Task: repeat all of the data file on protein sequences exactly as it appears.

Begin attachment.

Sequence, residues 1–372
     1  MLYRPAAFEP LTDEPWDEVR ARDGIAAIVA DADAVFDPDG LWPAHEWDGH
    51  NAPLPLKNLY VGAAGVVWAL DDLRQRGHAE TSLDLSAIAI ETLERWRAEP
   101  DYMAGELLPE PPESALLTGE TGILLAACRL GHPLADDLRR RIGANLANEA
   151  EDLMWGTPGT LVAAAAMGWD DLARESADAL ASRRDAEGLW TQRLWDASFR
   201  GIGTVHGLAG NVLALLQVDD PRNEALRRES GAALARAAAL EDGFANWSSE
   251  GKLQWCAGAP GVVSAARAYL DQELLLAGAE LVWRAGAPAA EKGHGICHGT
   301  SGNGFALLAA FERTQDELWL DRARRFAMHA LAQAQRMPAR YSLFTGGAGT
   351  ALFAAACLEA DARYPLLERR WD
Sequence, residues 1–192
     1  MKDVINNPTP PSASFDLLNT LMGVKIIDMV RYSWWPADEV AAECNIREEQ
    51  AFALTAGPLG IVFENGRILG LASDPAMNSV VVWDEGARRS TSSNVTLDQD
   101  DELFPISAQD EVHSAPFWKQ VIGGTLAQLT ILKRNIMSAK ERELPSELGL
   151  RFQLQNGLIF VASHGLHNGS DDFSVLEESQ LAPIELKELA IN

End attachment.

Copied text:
Sequence, residues 1–372
     1  MLYRPAAFEP LTDEPWDEVR ARDGIAAIVA DADAVFDPDG LWPAHEWDGH
    51  NAPLPLKNLY VGAAGVVWAL DDLRQRGHAE TSLDLSAIAI ETLERWRAEP
   101  DYMAGELLPE PPESALLTGE TGILLAACRL GHPLADDLRR RIGANLANEA
   151  EDLMWGTPGT LVAAAAMGWD DLARESADAL ASRRDAEGLW TQRLWDASFR
   201  GIGTVHGLAG NVLALLQVDD PRNEALRRES GAALARAAAL EDGFANWSSE
   251  GKLQWCAGAP GVVSAARAYL DQELLLAGAE LVWRAGAPAA EKGHGICHGT
   301  SGNGFALLAA FERTQDELWL DRARRFAMHA LAQAQRMPAR YSLFTGGAGT
   351  ALFAAACLEA DARYPLLERR WD
Sequence, residues 1–192
     1  MKDVINNPTP PSASFDLLNT LMGVKIIDMV RYSWWPADEV AAECNIREEQ
    51  AFALTAGPLG IVFENGRILG LASDPAMNSV VVWDEGARRS TSSNVTLDQD
   101  DELFPISAQD EVHSAPFWKQ VIGGTLAQLT ILKRNIMSAK ERELPSELGL
   151  RFQLQNGLIF VASHGLHNGS DDFSVLEESQ LAPIELKELA IN